- Investment: In 2018, Korea’s investment to India crossed the $1 billion mark for the first time, recording $1.053 billion. Korea’s total FDI to India up to December 2018 stands at $5.95 billion. Investment from India to Korea are to the tune of approx. $3 billion
- Global Trade: India’s share in Korea’s global trade was 1.89% in 2018, India’s contribution in Korea’s global imports increased from 0.78% in 2001 to 1.10% in 2018. India is Korea’s 20th biggest source for imports and 7th biggest export market as of 2018.
- India and South Korea launched an initiative ‘Korea Plus’, as proposed by Prime Minister Modi in June 2016 in India to promote and facilitate Korean Investments in India. To give it much wider outreach and publicity.
- Defense ties in particular have grown from strength to strength, with a major defense partnership deal worth nearly $1 billion signed previously for the joint production of Korean self-propelled artillery guns and India’s purchase of these weapons.
- Co-production of the K9 Thunder howitzer is a prime example of the ongoing defence collaboration.
- With technology transfer from South Korea, India’s Larsen and Toubro plans to achieve over 50% localisation by manufacturing the key components of these weapon systems domestically as part of ‘Make in India’.
To further enhance cultural exchanges between India and Korea, an Indian Cultural Centre (ICC) was established in Seoul in April 2011. Another Culture Centre was established in Busan in December 2013 on Public Private Partnership mode.
The total number of Indian nationals living in ROK is estimated to be around 12,000, which includes 300 PIOs. A large number of Indian scholars are pursuing post-graduate and Ph. D programmes, mostly in pure sciences in Korea. During the past few years, many professionals mainly in the areas of IT, shipping and automobile have immigrated to ROK. They are working mostly with Samsung, LG, Hyundai TATA Daewoo and TCS. There is also significant number of students and academicians in the universities.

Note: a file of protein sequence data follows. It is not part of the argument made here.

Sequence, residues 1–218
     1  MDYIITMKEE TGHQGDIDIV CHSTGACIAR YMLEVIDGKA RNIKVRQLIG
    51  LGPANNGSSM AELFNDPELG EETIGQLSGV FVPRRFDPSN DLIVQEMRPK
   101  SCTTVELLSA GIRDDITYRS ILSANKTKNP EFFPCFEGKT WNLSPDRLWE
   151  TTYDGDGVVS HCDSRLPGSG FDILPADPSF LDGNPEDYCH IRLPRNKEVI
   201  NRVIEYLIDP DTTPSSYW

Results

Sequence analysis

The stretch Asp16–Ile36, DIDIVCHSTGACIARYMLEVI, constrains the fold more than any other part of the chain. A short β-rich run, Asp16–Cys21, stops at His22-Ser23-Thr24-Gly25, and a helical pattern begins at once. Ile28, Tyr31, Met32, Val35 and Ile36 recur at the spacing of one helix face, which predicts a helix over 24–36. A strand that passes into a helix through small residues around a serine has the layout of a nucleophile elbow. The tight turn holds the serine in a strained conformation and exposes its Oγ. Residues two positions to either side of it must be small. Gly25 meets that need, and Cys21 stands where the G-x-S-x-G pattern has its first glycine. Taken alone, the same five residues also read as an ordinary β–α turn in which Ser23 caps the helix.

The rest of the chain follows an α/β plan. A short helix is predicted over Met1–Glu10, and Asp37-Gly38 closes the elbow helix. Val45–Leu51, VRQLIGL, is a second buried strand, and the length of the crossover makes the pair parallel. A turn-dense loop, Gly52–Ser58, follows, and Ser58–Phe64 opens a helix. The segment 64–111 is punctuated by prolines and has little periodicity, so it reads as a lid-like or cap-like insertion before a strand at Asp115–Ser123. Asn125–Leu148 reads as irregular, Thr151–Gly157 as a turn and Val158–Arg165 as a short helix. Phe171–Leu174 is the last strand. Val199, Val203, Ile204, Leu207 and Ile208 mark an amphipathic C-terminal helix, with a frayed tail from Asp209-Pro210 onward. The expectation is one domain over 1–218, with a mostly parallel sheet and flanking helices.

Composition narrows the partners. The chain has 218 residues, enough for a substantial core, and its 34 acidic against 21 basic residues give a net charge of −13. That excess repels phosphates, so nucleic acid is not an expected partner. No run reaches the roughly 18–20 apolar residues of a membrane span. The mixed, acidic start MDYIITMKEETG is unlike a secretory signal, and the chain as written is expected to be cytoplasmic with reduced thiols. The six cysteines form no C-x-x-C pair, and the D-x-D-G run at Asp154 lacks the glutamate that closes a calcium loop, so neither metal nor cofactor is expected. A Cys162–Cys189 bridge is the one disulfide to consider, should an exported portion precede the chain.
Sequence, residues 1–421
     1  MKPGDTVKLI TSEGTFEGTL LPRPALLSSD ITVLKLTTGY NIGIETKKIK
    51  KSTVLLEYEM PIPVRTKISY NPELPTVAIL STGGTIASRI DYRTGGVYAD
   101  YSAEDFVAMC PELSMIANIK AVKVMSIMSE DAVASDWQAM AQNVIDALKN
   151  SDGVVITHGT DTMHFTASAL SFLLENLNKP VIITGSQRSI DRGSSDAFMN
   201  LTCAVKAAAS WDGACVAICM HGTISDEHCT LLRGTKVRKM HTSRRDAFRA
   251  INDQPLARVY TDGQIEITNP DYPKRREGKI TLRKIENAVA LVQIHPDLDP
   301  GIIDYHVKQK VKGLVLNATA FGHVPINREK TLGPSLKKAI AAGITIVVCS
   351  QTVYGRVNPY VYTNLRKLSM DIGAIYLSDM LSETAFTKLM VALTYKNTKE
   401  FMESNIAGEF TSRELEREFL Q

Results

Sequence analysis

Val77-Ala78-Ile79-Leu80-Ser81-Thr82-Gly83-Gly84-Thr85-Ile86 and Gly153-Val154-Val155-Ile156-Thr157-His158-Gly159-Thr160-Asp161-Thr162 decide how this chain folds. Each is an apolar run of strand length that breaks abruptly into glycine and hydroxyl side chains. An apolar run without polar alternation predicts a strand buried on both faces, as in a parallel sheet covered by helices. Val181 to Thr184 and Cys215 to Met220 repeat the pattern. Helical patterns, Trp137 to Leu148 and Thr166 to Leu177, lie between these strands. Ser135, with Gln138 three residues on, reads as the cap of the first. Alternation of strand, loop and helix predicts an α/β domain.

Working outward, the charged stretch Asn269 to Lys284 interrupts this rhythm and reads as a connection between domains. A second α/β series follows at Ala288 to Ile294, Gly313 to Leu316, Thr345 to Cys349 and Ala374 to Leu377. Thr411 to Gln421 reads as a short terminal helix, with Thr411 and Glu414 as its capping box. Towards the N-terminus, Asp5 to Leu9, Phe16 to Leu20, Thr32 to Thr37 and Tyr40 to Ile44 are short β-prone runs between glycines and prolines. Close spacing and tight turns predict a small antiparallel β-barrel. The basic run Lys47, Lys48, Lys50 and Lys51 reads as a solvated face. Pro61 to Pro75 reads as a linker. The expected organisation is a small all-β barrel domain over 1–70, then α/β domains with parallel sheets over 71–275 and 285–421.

- The target of doubling trade volume to $50 billion by 2030 is nowhere to be achieved primarily due to lack of efforts. The CEPA is core mechanism of economic ties and to achieve the target it needs to be immediately upgraded.
- The Indian Cultural Centre has failed to reach out to common South Korean.
- The tourism between two is not being focused in its full potential.
- The widening trade deficit in South Korea’s favour has raised concerns over the trading relations between the countries.
- Despite the Special Strategic Partnership between South Korea and India there remains scope for expansion of bilateral relations in the strategic sphere. India-South Korea relations has been mostly dominated by economic relations.
India is keen to buttress its partnerships with countries across the Indo-Pacific region – a concept describing the evolving geopolitical and economic order surrounding the Indian Ocean’s tropical waters, the western and central Pacific Ocean and the Southeast Asian seas. Prime Minister Modi has stated that the purpose of engagement across the Indo-Pacific should be to promote cooperation, not dominance; connectivity, not isolation; respect for the global commons; inclusive, rather than exclusive, architectures; and adherence to international rules and norms.
Therefore our focus is on the development of an open, transparent and inclusive architecture linking the Indian and Pacific oceans. We desire to work with all stakeholders whose prosperity and security depend on the waterways traversing these two major oceans. South Korea has an important role and potential in this regard.